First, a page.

Back in the lion’s den. Purely by coincidence, I recently reviewed some independent bottlings of Whiskies produced by distilleries of Pernod Ricard, like Braeval and Glenallachie, but also some official bottlings like Strathisla 12yo, Aberlour 16yo and The NAS Glenlivet “Founders Reserve”, but also the nice AS Glenlivet from 1983. Now another Glenlivet, and yet another new NAS bottling. I promise you, I’m not sponsored!
The Glenlivet Founders’ Reserve is the new entry-level Glenlivet that replaces the 12yo in Western European and some other markets except Asia and the US. This NAS Oloroso Nàdurra replaces the nice AS 16yo Nàdurra. I know, that one came from Bourbon casks only. However, the 16yo Nàdurra will be replaced by three new versions that will be called…Nàdurra. The first one of these is this NAS Oloroso version, soon to be followed by a NAS Bourbon version and later a NAS Peated version. Since both Aberlour and The Glenlivet have the same owner, everybody will be comparing this one to the Aberlour A’bunadh.
Color: Dark gold, copper gold. Quite light for first fill Oloroso.
Nose: Lots of vanilla, new wood and a bit sharp on first sniff. A breath of fresh air. Spicy wood and pencil shavings. I get a lot of pencil shavings recently, maybe its me. I don’t get a lot of A’bunadh like first fill Sherry though. Considering the color and also the way this smells, my guess would be that this Oloroso Nàdurra is younger than its sister from Aberlour. A’bunadh is pretty up front dark first fill Oloroso, and this Nàdurra is not. It really does smell like a young whisky with nice notes of wood without being overpowered. Nice, but not complex. The wood also gives off light chocolaty notes and some sweetish vegetal bits. Old bar of soap (from the eighties) and some licorice. For me a lot of these aroma’s come from wood and obviously from the Sherry used, but for me they aren’t typical Oloroso aroma’s you get from an A’bunadh. Wood it is then.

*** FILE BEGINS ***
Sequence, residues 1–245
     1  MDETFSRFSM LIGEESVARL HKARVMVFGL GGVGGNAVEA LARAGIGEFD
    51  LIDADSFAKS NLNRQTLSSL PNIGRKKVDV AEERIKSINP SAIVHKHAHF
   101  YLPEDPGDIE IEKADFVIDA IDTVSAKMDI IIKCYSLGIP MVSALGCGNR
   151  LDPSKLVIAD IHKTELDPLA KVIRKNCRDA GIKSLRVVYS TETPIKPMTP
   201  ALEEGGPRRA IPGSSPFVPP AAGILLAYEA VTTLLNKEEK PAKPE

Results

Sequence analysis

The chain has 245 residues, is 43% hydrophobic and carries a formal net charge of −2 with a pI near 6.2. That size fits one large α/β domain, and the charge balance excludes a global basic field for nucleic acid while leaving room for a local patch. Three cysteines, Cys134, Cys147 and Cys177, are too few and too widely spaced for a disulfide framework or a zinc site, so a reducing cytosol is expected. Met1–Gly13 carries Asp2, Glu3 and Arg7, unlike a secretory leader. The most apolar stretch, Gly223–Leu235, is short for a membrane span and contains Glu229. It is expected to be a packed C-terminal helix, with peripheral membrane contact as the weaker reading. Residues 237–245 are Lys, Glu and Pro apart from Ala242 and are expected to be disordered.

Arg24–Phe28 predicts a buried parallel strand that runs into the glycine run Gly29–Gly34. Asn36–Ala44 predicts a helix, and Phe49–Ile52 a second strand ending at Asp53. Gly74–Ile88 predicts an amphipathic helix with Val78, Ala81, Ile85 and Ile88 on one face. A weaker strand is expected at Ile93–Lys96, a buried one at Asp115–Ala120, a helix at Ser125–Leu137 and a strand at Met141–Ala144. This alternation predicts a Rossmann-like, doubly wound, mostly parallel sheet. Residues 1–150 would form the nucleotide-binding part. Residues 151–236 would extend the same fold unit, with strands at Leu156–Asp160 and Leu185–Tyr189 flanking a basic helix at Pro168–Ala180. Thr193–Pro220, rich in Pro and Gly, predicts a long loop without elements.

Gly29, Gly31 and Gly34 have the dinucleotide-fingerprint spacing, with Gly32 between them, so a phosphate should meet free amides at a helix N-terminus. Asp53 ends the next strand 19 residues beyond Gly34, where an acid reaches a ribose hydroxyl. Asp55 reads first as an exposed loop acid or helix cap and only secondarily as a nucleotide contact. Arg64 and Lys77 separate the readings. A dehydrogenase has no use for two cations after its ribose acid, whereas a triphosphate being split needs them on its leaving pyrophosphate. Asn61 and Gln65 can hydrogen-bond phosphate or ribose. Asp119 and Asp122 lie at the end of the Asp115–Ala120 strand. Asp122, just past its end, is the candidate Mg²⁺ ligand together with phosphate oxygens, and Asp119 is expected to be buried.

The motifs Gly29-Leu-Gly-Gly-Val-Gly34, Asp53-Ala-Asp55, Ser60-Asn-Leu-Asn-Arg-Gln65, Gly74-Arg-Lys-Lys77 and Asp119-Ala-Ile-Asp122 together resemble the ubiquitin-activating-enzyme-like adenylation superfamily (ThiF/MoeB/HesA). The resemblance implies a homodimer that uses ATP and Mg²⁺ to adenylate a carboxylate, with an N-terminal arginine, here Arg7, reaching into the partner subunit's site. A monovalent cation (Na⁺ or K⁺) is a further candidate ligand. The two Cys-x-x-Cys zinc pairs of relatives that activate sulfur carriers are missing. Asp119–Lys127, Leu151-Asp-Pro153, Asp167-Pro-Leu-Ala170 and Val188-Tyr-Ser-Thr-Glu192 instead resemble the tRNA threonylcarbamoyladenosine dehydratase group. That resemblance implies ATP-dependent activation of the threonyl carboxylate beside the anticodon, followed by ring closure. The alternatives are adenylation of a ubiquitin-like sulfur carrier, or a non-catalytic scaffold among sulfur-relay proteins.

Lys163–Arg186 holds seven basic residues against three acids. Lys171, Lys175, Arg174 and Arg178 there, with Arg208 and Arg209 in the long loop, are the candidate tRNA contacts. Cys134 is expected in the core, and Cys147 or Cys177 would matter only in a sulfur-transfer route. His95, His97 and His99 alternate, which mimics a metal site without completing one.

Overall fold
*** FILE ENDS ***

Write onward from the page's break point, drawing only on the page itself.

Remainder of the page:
Taste: Sweetish and a bit hot. New wood, tree sap with its light bitterness. Coffee and licorice, a nice combination. Hints of glue. Prior to swallowing a hint of, and here it comes again, pencil shavings. We all have chewed on a pencil some time during our lives haven’t we? Italian laurel licorice. When the wood, a slight hint of bitterness, and the high strength pass, not a very big finish remains. Youth?
A young Whisky that by itself is a study of wood and not of Sherry. It isn’t complex, slightly underdeveloped, and it surely does have its moments. I guess the choice is right to think of this Whisky a bit as a Whisky for…well, not entry-level, by bottling this with a high ABV. Another good decision is probably that it is made to another profile from the A’bunadh which is more about the Sherry itself, whereas this is more about the wooden cask itself. Nice stuff, helped along by the high strength and spicy wood. Younger and really no match for A’bunadh in my opinion, but those who like higher strength Whisky, but found the A’bunadh too much, will disagree. (maybe a comparison to Benromach 10yo 100 proof would have been a better angle…)